Immunogenicity study of intraperitoneally immunized inactivated whole-virus and subunit EV71 vaccines
All of the intraperitoneally administered EV71 antigens induced mouse antibody response (Figure 3a). ELISA results showed IgG titer stimulated by inactivated EV71 whole virus was the highest. IgG titers stimulated by a mixture of EV71 subunits rVPmix and by rVP1 alone were comparable, at ten-fold lower than that stimulated by inactivated EV71 (Figure 3a). The IgG stimulated by rVP2 and rVP3 were lower than the anti-EV71 IgG titer by almost 100 fold (P = 0.003) (Figure 3a). Based on the ability to stimulate antibodies, we rank the immunogenicity of tested EV71 antigens in the following order: inactivated EV71 whole virus > rVPmix = rVP1 > rVP2 = rVP3.
Neutralization assays of the immune sera demonstrated that only the sera from animals (mice and one rabbit) immunized with inactivated whole virus showed a neutralization titer against EV71 infectivity (Figure 3b). The neutralization titers against 20 TCID50 EV71 were 2 fold higher than those against 200 TCID50 EV71 (Figure 3b). Using alum as adjuvant, inactivated EV71 elicited antibody with neutralization titers of 1:16 against 20 TCID50 and 1:8 against 200 TCID50. The rabbit immunized with inactivated EV71 with FCA/FIA adjuvant had higher serum neutralization titers, which were 1:128 against 20 TCID50 and 1:64 against 200 TCID50 of EV71. Sera from mice immunized with either individual recombinant EV71 subunit or combinations thereof failed to neutralize EV71 infectivity in vitro (Figure 3b), despite of their high antibody titers (Figure 3a).
Silk microneedle patch immunization induces neutralizing immune responses
We investigated whether EV71 antigen-coated, silk-based microneedles, induced EV71-specific immune responses. Based on experience, microneedle delivery is less efficient compared to injectable route deliveries. For this reason, we loaded three times more antigen on microneedle patch in order to induce a immune response comparable to that induced by injectable route. However, for inactivated whole-virus EV71 vaccine, microneedle skin patches stimulated an anti-EV71 IgG titer of 103 in the sera, which was 10 to 100 fold lower (p = 0.045) than that stimulated by IP and ID delivered by injections (Figure 4a). IP and ID deliveries stimulated measurable serum IgG after the 1st immunization, whereas microneedle delivery stimulated measurable IgG only after 2nd immunization (Figure 4a). We also evaluated the subunits rVPmix vaccination and found the results to be very similar to those obtained from the inactivated EV71 whole virus: Microneedle immunization stimulated an anti-rVPmix IgG titer of 104, which tended to be lower (p = 0.018) than those from IP and ID immunizations by 10 to 100 fold (Figure 4b).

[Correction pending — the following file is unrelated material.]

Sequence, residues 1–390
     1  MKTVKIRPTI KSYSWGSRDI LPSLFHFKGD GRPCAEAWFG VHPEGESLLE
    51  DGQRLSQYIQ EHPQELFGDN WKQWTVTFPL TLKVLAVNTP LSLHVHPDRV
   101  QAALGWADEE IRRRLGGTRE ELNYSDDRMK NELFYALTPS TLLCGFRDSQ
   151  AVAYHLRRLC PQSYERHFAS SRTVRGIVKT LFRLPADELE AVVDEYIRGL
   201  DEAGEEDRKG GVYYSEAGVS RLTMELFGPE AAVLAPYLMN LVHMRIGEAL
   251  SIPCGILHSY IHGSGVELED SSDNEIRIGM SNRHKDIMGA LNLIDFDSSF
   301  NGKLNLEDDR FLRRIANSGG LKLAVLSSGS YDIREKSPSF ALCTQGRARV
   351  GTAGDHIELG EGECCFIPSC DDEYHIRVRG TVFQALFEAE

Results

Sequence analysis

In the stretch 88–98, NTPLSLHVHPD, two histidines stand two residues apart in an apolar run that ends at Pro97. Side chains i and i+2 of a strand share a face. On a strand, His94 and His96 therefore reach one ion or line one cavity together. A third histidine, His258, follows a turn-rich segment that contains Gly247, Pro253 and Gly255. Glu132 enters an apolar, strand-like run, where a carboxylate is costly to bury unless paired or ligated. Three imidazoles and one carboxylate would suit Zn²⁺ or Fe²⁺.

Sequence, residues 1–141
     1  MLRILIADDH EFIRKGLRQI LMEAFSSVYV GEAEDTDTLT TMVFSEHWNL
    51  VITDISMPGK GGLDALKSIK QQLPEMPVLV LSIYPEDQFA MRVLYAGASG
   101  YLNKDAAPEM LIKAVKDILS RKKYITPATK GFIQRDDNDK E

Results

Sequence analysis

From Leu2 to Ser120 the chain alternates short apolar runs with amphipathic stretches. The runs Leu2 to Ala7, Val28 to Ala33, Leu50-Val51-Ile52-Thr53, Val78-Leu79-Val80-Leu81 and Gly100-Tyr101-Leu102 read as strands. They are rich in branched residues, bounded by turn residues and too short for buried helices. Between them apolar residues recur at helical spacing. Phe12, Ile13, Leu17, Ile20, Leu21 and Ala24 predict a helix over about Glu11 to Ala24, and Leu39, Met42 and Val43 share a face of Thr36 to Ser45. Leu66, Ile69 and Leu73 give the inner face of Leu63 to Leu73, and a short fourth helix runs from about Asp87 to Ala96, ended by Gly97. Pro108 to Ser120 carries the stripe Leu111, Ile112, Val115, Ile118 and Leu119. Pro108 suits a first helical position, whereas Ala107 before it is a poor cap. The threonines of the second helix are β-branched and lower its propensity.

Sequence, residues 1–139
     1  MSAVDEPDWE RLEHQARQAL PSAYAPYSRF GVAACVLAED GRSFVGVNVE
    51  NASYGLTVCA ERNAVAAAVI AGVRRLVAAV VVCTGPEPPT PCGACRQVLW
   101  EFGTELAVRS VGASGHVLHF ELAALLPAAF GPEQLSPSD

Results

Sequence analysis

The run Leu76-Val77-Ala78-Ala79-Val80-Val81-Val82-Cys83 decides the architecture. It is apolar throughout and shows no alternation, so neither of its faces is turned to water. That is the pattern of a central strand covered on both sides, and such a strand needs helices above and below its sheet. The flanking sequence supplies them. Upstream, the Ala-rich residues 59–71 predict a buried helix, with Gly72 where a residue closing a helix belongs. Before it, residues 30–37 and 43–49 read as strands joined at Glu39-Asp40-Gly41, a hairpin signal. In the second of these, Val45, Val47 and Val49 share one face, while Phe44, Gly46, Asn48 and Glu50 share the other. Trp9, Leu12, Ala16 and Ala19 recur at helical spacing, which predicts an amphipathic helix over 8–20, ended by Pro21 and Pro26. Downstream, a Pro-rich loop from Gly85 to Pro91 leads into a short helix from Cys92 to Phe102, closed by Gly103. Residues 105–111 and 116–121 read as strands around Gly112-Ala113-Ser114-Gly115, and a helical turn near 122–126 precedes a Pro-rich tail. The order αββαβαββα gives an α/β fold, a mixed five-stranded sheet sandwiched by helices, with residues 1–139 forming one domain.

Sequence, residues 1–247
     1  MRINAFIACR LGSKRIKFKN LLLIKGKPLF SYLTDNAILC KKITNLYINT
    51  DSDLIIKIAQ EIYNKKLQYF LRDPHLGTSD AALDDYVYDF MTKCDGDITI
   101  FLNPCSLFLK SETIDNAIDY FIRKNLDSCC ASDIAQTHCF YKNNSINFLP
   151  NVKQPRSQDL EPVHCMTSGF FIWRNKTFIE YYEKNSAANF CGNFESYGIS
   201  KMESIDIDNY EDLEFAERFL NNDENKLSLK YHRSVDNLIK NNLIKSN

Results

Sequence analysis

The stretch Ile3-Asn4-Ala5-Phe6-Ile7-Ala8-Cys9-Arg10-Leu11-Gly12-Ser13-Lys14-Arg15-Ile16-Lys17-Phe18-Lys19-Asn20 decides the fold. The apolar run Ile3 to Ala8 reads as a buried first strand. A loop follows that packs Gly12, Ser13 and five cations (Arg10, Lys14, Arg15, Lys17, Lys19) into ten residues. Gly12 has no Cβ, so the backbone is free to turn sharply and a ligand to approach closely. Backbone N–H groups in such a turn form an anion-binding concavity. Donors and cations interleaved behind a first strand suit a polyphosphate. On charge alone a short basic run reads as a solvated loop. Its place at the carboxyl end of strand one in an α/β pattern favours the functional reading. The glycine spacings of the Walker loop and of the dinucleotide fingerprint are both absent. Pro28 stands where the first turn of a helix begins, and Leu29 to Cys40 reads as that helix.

Sera induced by rVPmix via either microneedle, ID or IP administration showed no neutralizing activity, except that ID immunization induced a marginal neutralizing titer of 1:4 against 20 TCID50 EV71 infection (Figure 5). In contrast, all of the sera induced by inactivated EV71 whole virus showed serum neutralizing titers. Sera induced by inactivated EV71 loaded microneedles had a neutralizing titer of 1:8 against 20 TCID50 and 200 TCID50 of EV71. Comparing to microneedle delivery, ID and IP injections stimulated higher neutralization titers against 20 TCID50, which were 1:32 and 1:16, respectively (Figure 5). These results were consistent with the results obtained from the immunogenicity study of intraperitoneal immunization (Figure 3b).
Serum IgG1:IgG2a ratio induced by microneedle patch immunization
To evaluate the Th1/Th2 balance induced by transcutaneous immunizations, we analyzed the antigen specific IgG1 and IgG2a titers using ELISA. In the inactivated EV71 vaccination groups, microneedle stimulated a dominant Th2-type IgG1 subclass over Th1-type IgG2a subclass, with the IgG1/IgG2a ratio of 100:1 (Figure 6a). ID and IP immunizations with the same antigen and adjuvant induced a balanced expression of EV71 specific IgG1 and IgG2a at the ratio of almost 1 (Figure 6a). IP injection using inactivated EV71 and alum adjuvants also induced balanced EV71 specific IgG1 and IgG2a (Figure 6a). Similarly, in the rVPmix immunization groups, microneedle induced a dominant IgG1 subclass, with an IgG1:IgG2a ratio of 100:1 (Figure 6b). ID immunization with rVPmix and mLT, and IP immunization with rVPmix and alum, both induced balanced IgG1/IgG2a ratio of almost 1. Interestingly, IP immunization with rVPmix and mLT induced a slightly Th2 biased IgG1/IgG2a ratio of 10 (Figure 6b).